As technology has advanced, its advantages and disadvantages have become apparent. Social media is a way to keep in touch with old friends, but can also be a way to spread misinformation. Streaming services have infinitely diversified the entertainment content a person can consume, but having to pay for every single one can limit what one can see.
The list one can conceive in this vein is long and varied.
When it comes to sports, the duality of technology is stark. It can ensure that a bad call is corrected, but it can — and often does — make those rulings increasingly pedantic.
That has been on display in Serie A a lot the last two rounds. Last week, in the Derby della Madonnina, the brand-new semi-automated offside technology that was unveiled by the league a few weeks ago disallowed a goal by Lautaro Martinez because his cheek was offside. In Sunday’s game between Juventus and Fiorentina, the system reared its head not once but twice in the second half, disallowing two goals, one for each side, by a combined margin of probably four inches.
Indeed, technology was instrumental all three times the ball crossed the goal line in the game. The one technological system in soccer that is universally accepted without any vitriol, goal-line technology, was the only thing that ensured that Adrien Rabiot’s header midway through the first half was properly credited as having gone over the line.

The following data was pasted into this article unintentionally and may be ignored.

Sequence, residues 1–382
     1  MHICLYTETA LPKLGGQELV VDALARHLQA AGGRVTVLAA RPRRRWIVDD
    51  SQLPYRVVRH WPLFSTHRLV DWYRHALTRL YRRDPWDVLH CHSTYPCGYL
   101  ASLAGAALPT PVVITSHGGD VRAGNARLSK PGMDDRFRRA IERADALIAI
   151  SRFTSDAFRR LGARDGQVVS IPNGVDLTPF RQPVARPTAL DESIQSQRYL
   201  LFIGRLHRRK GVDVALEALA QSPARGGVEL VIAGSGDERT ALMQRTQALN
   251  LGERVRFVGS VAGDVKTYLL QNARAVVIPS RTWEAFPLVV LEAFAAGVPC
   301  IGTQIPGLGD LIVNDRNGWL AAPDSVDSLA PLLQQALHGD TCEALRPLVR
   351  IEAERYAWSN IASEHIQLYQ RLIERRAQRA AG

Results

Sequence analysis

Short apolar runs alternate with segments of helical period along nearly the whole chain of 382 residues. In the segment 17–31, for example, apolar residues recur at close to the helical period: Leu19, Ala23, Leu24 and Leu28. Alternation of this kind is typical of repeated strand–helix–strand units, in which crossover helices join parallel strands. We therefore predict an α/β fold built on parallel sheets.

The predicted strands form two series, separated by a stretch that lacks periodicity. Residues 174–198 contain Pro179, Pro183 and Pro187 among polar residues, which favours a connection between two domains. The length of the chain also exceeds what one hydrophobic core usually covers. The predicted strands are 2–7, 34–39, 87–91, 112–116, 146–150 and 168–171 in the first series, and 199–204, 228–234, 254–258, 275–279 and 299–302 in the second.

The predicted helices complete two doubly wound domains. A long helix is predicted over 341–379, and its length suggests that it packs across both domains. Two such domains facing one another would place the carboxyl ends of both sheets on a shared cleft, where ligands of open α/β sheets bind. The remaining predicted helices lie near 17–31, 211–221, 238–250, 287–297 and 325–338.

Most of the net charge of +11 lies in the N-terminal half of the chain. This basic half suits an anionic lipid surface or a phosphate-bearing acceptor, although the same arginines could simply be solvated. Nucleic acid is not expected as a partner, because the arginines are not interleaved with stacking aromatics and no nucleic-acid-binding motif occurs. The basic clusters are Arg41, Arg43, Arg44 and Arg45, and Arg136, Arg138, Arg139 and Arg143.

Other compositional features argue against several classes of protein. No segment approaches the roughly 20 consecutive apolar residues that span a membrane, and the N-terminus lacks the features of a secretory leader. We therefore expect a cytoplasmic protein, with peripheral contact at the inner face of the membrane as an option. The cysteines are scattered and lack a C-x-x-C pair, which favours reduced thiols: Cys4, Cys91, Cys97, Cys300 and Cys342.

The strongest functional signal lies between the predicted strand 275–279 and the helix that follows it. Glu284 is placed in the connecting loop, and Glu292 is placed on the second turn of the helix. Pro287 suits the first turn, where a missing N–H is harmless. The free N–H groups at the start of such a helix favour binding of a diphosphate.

It proved the difference in an ornery and sloppy game that was poorly played on both sides, with the 1-0 scoreline heavily influenced by the two VAR incidents in the second half, the product of a technology that can catch the barest whisper of an offside combined with a rule that simply hasn’t evolved to account for the new tools officials have at their disposal.
Massimiliano Allegri was still missing some key contributors coming into the game. Paul Pogba’s interminable recovery period continued, while Juan Cuadrado was back on the shelf due to illness. Arkadiusz Milik, Fabio Miretti, Leonardo Bonucci, and Kaio Jorge were all likewise unavailable because of their respective injuries. But Allegri still made waves when lineups were announced when it became clear that he was finally deploying all three of his top-line attackers. Angel Di Maria and Federico Chiesa were deployed behind Dusan Vlahovic at the top of a 3-4-2-1 formation. Wojciech Szczesny was in goal, with Danilo, Bremer, and Alex Sandro in defense. Mattia De Sciglio and Filip Kostic functioned as the wing-backs, sandwiching the double pivot of Rabiot and Manuel Locatelli.
Vincenzo Italiano’s team was unfortunately a far cry from the squad everyone was tabbing as a dark-horse contender for a Champions League place. But the Viola had started the day in the second half of the table, essentially playing as the obverse of Juventus’ coin. Whereas Allegri played tactics that belonged in a natural history museum, creating minimal chances, the Florentines played a beautiful style and were creating chances aplenty, but since the departure of Vlahovic had no reliable goal scorers, and the opportunities they did generate tended to go begging. No one on the team has scored more than three goals in league play, leaving everyone around the club frustrated in the extreme.